High School Teen Science Ambassador Program
The goal of this training program at the Medical University of South Carolina is to provide high school students from diverse backgrounds with a three-phase internship experience designed to increase real-world clinical research involvement (focused on substance use and mental health research), develop professional and mentorship skills, network with STEM professionals, and prepare for careers in STEM fields.
- Ambassador: High School Juniors will complete 12 weeks of foundational classes.
- Intern: High School Juniors will complete up to 100 paid hours working in an NIH research lab.
- Near-Peer Mentor: High School Seniors will be paid to return to help mentor the new group of Ambassadors under the guidance of a Senior Mentor.
Our program is supported by the Science Education Partnership Award (SEPA) from NIH’s National Institute of General Medical Sciences (NIGMS).
Increasing underrepresented minority (URM) participation in the biomedical workforce is essential to ensuring scientific diversity and meeting the growing demand for STEM graduates. Inadequate URM representation in STEM has historically been fueled by lack of access to professional resources and educational opportunities, leading to low rates of retention of URMs in STEM degree fields. Theoretically-grounded, mentored research experiences have been shown to address these barriers and increase URM persistence in STEM fields. However, few structured, comprehensively evaluated programs exist and most focus on undergraduate and post-baccalaureate students, as opposed to the critical foundational period of high school. Thus, the primary objective of the proposed mentored research program, titled MUSC High School Teen Science Ambassador Program, is to provide early clinical research experiences and professional development to high school students with the long-term goal of increasing diversity and helping meet the growing need in the biomedical workforce. The program will be supported by MUSC’s Youth Collaborative, which is comprised of faculty and trainees focused on adolescent substance use and mental health research, which will provide a rich training ground for real-world research experiences. The proposed program is aligned with NIH’s mission to support educational activities that complement and enhance the training of a workforce to meet the nation’s biomedical, behavioral, and clinical research needs as outlined in PAR-20-153. The specific aims of the Teen Science Ambassador Program are to: provide courses for skills development and hands-on research experiences, as well as mentoring and professional development training to youth interested in STEM careers. This will be accomplished through three focused phases: (1) a 16-week, mentored didactic training on clinical research skills and professional development, including completion of a literature review, oral presentation, and public service announcement; (2) near-peer mentorship training and experience, as well as an internship in an NIH- funded lab focused on adolescent substance use research; and (3) continued networking with peers, faculty, and alumni for long-term career success. Input from community stakeholders and an Advisory Committee will be collected to assess and improve program goals and outcomes, and all program materials will be made publicly available for dissemination and implementation at other institutions. The highly-qualified, multidisciplinary faculty mentorship team, partnerships with community schools and leaders, and rigorous program evaluation from independent evaluators will ensure that the proposed program meets the stated objective to increase diversity in the biomedical workforce.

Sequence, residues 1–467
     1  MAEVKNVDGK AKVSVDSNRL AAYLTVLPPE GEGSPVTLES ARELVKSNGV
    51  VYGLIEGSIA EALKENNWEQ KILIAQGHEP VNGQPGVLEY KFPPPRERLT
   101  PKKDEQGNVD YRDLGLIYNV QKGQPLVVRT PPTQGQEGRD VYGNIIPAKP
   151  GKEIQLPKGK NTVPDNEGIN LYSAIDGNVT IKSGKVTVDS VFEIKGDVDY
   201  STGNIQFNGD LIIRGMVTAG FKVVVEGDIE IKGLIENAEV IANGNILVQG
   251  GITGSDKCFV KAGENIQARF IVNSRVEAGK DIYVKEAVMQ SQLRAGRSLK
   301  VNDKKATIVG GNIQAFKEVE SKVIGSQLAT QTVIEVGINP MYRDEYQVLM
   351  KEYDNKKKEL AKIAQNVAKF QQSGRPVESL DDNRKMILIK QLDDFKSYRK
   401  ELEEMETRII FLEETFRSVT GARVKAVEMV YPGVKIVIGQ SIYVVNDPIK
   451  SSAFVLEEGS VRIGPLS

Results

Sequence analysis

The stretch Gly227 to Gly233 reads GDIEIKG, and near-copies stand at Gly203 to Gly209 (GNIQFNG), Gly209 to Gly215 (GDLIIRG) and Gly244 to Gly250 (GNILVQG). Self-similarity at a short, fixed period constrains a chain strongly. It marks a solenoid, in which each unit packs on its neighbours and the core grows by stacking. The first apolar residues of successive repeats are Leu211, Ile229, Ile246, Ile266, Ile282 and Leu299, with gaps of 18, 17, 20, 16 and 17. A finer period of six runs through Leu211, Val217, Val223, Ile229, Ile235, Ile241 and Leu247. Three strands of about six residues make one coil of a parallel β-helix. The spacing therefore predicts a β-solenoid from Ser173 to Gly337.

High school students
Clinical research experiences in substance use and mental health research labs